TAIPEI (Reuters) - Thousands of Chinese have flown to Taiwan ahead of the island’s presidential and parliamentary elections this weekend, eager — and bemused — to see how democracy works in the land of the old enemy.
The China-Taiwan split was one of Asia’s historic divisions in the 20th century, along with India-Pakistan and North and South Korea. But while those partitions are still rockfast, China and Taiwan are in the process of rapprochement, with millions of travelers crossing the Taiwan Strait in either direction each year.
High on any mainland Chinese itinerary in Taiwan are Taipei 101, which at 508 meters is the world’s second-tallest building and sits atop one of the capital’s ritziest shopping malls, and the arched memorial hall to Sun Yat-sen, the revolutionary who helped topple the last imperial dynasty and is known as the father of modern China.
Hundreds of mainlanders thronged the sites on Friday, braving a blustery wind and intermittent drizzle on the eve of Taiwan’s fifth direct presidential election. For most, it was the first ringside view of an open election.
“It seems so extreme here, this campaigning is something that would never be allowed in China,” said Wang Liping, a 42-year-old from Chongqing in central China, at the cloud-shrouded observatory deck of Taipei 101.
“China’s way is better in that the new leaders are those selected for their experience, in a systematic manner ... I don’t think it’s a good idea to elect someone who has no experience just because they have more votes.”
Taiwan’s boisterous election campaign is broadcast live by over half a dozen news channels throughout the day, with candidate pledges, motorcades, firecrackers and rallies covered in excruciating detail.
With the two leading candidates — Ma Ying-jeou of the ruling Nationalist Party and Tsai Ing-wen of the opposition Democratic Progressive Party (DPP) — very close in opinion polls, there has been no easing in the excitement as polling day comes close.
“It’s pretty good to have democracy, but it wastes a lot of time and resources,” said another tourist from Jiangsu province in eastern China who wore a leather jacket with a camera around his neck.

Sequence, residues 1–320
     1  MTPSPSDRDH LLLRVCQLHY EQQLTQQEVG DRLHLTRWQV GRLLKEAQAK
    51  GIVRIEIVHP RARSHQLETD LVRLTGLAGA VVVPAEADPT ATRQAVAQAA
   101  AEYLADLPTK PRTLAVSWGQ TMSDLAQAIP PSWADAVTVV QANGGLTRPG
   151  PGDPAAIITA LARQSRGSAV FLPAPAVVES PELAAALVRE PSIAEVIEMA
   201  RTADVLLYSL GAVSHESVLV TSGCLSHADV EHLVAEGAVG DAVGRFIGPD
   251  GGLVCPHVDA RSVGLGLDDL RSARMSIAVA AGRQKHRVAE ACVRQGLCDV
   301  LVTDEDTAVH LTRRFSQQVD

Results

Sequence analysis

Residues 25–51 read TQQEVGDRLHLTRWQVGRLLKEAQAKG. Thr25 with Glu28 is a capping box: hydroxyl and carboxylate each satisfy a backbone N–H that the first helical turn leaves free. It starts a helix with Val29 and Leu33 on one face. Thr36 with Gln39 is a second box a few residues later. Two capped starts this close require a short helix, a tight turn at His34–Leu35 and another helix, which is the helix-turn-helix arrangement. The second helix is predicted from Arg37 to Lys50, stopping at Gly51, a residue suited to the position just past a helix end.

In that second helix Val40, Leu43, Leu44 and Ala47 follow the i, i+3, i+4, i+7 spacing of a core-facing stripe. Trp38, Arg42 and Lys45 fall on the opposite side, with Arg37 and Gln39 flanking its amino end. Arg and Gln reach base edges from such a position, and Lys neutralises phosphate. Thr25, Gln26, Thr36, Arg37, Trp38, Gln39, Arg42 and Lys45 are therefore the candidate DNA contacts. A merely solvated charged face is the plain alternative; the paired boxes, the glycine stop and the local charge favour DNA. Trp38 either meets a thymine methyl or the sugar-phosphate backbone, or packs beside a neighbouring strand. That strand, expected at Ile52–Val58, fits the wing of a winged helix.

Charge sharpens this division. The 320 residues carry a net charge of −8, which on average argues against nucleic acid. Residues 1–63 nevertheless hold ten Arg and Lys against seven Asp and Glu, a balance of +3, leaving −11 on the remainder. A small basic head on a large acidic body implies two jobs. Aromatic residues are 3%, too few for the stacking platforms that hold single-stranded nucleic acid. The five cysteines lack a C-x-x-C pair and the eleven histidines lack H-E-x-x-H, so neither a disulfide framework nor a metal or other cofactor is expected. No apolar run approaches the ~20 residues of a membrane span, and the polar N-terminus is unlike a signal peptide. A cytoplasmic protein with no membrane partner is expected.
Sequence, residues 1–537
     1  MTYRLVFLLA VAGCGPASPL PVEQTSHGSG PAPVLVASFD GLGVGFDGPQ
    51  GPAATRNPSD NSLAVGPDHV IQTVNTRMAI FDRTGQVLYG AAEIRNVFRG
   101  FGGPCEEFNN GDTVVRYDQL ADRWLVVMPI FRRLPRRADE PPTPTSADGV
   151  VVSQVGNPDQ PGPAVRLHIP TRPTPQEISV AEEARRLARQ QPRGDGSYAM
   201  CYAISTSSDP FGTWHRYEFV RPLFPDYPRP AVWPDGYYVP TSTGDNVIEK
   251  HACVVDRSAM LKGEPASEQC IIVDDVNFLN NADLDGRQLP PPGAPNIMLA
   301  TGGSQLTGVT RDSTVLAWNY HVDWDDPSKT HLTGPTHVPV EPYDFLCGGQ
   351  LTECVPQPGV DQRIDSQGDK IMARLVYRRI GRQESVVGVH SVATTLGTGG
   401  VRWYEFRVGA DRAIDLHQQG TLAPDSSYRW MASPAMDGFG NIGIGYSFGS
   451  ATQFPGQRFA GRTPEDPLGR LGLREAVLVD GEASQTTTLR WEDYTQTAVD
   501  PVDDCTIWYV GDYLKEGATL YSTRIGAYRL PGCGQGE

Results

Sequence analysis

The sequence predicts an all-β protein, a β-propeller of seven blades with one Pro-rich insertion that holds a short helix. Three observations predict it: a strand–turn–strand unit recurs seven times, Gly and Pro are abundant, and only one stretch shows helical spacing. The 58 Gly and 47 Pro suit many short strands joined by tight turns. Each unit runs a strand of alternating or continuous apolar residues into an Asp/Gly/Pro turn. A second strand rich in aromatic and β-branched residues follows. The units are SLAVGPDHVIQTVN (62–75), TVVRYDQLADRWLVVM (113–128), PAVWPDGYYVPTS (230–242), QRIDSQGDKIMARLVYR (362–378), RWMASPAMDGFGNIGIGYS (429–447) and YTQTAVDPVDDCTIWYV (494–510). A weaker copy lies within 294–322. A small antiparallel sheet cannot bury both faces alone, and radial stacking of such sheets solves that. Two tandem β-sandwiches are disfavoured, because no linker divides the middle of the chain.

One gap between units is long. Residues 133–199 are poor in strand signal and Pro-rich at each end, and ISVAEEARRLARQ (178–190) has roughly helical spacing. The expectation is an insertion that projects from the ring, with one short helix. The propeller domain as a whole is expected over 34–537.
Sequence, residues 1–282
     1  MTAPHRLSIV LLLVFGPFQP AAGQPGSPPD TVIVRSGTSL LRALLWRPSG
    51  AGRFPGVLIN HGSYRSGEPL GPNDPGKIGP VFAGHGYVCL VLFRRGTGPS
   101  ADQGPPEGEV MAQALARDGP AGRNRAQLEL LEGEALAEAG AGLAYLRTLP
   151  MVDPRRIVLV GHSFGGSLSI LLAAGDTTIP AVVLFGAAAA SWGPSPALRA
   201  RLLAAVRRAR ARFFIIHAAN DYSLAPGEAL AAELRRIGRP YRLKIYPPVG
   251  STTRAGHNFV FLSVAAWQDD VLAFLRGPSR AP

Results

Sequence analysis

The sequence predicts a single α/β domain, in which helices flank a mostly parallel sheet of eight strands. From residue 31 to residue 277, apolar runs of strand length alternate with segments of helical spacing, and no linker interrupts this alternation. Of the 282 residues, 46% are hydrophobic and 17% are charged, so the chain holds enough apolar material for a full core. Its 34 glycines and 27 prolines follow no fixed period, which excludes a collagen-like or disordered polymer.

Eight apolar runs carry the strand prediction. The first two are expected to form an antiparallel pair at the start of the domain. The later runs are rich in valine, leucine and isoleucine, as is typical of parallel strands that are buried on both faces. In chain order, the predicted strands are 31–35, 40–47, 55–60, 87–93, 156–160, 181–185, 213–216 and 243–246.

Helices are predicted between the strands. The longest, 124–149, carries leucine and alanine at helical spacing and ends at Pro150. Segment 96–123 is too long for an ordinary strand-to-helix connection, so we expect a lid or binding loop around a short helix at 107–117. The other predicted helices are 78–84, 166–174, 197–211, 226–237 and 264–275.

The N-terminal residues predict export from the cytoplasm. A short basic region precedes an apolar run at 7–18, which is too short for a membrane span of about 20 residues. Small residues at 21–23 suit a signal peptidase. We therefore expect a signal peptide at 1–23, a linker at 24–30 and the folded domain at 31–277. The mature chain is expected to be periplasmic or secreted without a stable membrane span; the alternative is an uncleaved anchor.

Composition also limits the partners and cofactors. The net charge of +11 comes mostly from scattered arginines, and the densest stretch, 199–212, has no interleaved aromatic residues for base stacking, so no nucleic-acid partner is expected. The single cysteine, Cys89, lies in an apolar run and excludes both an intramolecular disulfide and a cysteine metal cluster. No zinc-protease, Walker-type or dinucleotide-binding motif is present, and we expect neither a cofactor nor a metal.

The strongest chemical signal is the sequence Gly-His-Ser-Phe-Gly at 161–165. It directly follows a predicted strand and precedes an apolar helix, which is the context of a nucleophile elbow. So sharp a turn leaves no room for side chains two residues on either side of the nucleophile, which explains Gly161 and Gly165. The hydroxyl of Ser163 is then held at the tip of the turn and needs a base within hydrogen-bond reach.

He gave only his family name, Wu, reflecting a nervousness among many mainland Chinese in discussing democracy and politics. Many mainlanders refused to comment on the elections. One who started to do so was pulled away by his wife.
But Wu, who was holding a shopping bag as he walked around the Taipei 101 shopping mall with two friends, said: “China’s democracy is different from Taiwan’s.”
“Taiwan’s democracy is loud and explicit, but China’s is more subtle and low key. The style is different, you wear a suit, we wear jeans.”
The measured warmth is a far cry from the anger and tumult of Taiwan’s first direct presidential election in 1996, which an infuriated China saw as tantamount to a declaration of independence and fired missiles into waters near the island.
Beijing deems Taiwan a renegade province that must eventually reunify with the mainland. Taiwan, which calls itself the Republic of China, is a staunch U.S. ally. Taiwan, with 23 million people, is dwarfed by China’s 1.3 billion, although both their populations are mostly Han Chinese.
Despite the ideological differences, the two sides see much virtue in economic cooperation. Ironically, the Nationalists, who lost the 1940s civil war in China to the Communists and fled to Taiwan, are now viewed as much closer to Beijing than the DPP, which is largely seen as the party of local Taiwanese and is viewed with suspicion by China for its pro-independence past.
Ma signed an Economic Cooperation Framework Agreement trade deal with China in 2010, cutting tariffs while forging vital new tourism, business and travel links. Many economists see stronger ties with China’s vast markets as vital for Taiwan’s heavily export-dependent economy because of the slowdown elsewhere in the world.
“I want Ma to win tomorrow,” said Li Jinhui, from Liaoning province in northeast China, watching the changing of the guard in front of a giant statue of Sun Yat-sen along with scores of other mainland tourists.
He shrugged off the historical enmity between the two sides with a laugh. “The Nationalist government and the Communist Party are both the same now, they’re both Chinese. The past doesn’t matter.”
Editing by Brian Rhoads